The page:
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of our gallant regiment. In the generation that has since gone by, very many of them have passed from earth. As I remember them I will name a few: General John W. Geary, afterwards Governor of the Commonwealth of Pennsylvania; General John Flynn, Lieutenant Colonel James Fitzpatrick, Major J. D. Arner, Captain James Silliman, Captain James F. Knight, company F, General Hector Tyndale, Dr. H. E. Goodman, one of the ablest and noblest physicians in the land, “a good man and true” in more than one sense; Color Bearer Barney Lynch, who carried the colors in twenty-three battles, Colonel Thomas J. Ahl, and a host of others.
Now, as we part, may God bless us each and all; may we meet in happiness when we cross that other picket line and hold that most glorious of all reunions in the Land higher above the clouds than any we ever occupied in our marches, encampments and battles on earth.
And now, I dedicate this monument in the name of the Twenty-eighth Pennsylvania Veteran Volunteers. For ages after we have been entombed it will stand here and tell in brief the story of our prowess.
HISTORICAL SKETCH OF REGIMENT.*
N ARLY in June, 1861, Colonel John W. Geary obtained permission E from President Lincoln to raise, in Pennsylvania, a regiment of
volunteers to serve for three years. He accordingly established a camp at Oxford Park, in Philadelphia, and on the 28th of that month the Twenty-eighth Regiment, which was uniformed and equipped at his own expense, was being mustered into the service of the United States.
The regiment, when completed, consisted of fifteen companies, numbering fifteen hundred and fifty-one officers and men, brought together from various sections of the State; Companies A and N having been organized in Luzerne county; B, in Westmoreland; C, D, I, K, M and P, in Philadelphia; E, in Carbon; F, in Cambria and Allegheny; G, H and L, in Allegheny, and 0, in Huntingdon.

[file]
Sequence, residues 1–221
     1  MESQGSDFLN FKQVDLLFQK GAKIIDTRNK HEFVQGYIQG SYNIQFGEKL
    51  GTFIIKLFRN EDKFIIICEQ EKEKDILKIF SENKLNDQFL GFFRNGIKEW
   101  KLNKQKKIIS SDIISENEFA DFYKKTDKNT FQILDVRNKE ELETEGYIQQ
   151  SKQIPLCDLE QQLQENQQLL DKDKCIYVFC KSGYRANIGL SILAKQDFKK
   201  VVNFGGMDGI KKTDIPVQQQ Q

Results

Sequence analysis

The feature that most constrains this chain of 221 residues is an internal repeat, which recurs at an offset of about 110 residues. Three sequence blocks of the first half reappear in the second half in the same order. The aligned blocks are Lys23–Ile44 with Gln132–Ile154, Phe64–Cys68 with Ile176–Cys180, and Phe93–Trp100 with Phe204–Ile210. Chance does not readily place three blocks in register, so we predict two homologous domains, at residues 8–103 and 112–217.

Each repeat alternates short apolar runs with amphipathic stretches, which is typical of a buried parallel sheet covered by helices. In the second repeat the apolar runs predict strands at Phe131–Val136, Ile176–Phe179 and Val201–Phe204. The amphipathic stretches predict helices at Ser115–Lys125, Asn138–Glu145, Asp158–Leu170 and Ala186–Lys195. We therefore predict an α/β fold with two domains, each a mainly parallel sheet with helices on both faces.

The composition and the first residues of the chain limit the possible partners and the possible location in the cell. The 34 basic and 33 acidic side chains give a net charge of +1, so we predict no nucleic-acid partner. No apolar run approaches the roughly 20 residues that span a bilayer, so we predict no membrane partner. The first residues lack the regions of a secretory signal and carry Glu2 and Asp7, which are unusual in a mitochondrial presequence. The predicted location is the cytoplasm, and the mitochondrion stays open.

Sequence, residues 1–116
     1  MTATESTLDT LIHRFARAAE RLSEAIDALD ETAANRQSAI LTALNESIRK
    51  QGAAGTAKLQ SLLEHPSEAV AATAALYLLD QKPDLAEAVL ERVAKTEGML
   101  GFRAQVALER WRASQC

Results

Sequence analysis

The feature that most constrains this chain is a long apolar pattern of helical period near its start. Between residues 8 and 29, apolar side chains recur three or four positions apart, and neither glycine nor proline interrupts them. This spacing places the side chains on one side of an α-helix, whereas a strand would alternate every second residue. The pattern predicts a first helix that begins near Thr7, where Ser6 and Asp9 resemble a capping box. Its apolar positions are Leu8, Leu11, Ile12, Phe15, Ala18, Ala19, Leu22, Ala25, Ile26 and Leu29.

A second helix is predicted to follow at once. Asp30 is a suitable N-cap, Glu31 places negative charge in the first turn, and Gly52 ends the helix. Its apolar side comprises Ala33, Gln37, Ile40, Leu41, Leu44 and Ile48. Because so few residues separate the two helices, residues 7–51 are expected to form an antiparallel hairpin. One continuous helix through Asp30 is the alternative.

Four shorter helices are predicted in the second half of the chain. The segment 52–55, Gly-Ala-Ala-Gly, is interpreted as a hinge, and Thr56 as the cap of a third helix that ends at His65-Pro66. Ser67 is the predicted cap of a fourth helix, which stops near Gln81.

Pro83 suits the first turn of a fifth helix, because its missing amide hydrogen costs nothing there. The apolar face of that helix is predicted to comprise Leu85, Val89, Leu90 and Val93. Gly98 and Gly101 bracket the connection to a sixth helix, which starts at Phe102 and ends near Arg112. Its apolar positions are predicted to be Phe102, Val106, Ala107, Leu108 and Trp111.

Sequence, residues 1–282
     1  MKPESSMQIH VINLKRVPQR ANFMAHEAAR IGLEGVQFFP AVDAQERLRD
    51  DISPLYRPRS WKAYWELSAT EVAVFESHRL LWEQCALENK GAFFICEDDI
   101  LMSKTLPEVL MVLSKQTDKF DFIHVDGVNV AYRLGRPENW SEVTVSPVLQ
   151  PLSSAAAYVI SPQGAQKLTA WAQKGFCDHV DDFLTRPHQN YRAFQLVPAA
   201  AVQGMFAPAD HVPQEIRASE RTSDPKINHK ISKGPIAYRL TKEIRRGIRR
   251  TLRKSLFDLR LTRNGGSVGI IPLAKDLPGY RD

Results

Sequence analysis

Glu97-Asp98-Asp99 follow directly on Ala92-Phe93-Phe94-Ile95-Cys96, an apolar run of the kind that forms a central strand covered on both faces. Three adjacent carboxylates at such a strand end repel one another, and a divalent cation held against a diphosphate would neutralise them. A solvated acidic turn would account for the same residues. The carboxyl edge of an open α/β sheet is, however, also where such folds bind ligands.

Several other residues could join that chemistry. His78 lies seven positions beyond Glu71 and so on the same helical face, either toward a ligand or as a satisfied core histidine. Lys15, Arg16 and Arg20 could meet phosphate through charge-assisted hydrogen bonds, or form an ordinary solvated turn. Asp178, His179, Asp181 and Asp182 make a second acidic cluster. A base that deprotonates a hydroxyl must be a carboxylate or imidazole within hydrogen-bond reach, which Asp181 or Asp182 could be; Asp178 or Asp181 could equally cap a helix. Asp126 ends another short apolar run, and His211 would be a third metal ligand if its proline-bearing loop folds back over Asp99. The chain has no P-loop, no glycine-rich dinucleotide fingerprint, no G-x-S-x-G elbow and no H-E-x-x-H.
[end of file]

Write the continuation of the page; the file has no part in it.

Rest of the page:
The field and staff officers were John W. Geary, Colonel; Gabriel De Korponay, Lieutenant Colonel; Hector Tyndale, Major; John Flynn, Adjutant;. Benjamin F. Lee, Quartermaster; H. Earnest Goodman, Surgeon; Samuel Logan, Assistant Surgeon, and Charles W. Heisley, Chaplain.
From surplus recruits a battery was formed and attached to the regiment, which was known as Knap's Battery of the Twenty-eighth Pennsylvania Volunteers. Mr. Charles Knap, of Pittsburg, presented this company with four steel guns, which were subsequently exchanged by the government for six ten-pounder Parrotts. Also connected with the regiment was Beck's celebrated Philadelphia Brass Band.
*Extract from Bates' History of Pennsylvania Volunteers.
The uniform was of gray cloth, manufactured in the vicinity of Oxford Park, and furnished to the several companies as they were mustered in. This subsequently gave place to the blue regulation uniform. The arms were the Enfield rifle with the formidable sword bayonet. These were obtained of a firm in Philadelphia, who fortunately had them for sale, else the regiment would have been armed with the ordinary musket, altered from the flint to percussion lock, many of which were in possession of the government.
Whilst Colonel Geary was actively engaged in forming, equipping and drilling his regiment, events were transpiring which demanded prompt and energetic action on the part of the Government relative to raising additional troops and hastening them to the field. On the 21st of July the disastrous battle of Bull Run was fought; and the panic which seized upon and disorganized a great portion of the army, spread its terrifying influence through all parts of the Northern States, and had the effect to arouse the heads of the national departments to a realizing sense of the danger with which the country was threatened. Re-inforcements were consequently ordered forward to join, as rapidly as possible, the defeated army at the front; and hence, in obedience to orders from General Scott, the Colonel, on the 27th, moved with ten companies of his command-leaving the other five, which were not yet in readiness for the field, in charge of Major Hector Tyndale, with orders to follow as soon as possible-and proceeded directly, by way of Baltimore, to Harper's Ferry, reaching there on the evening of the following day. Here he reported to Major General Banks, to whose command the regiment had been assigned, and was attached to the brigade commanded by Colonel Thomas, now a Major General of the United States army.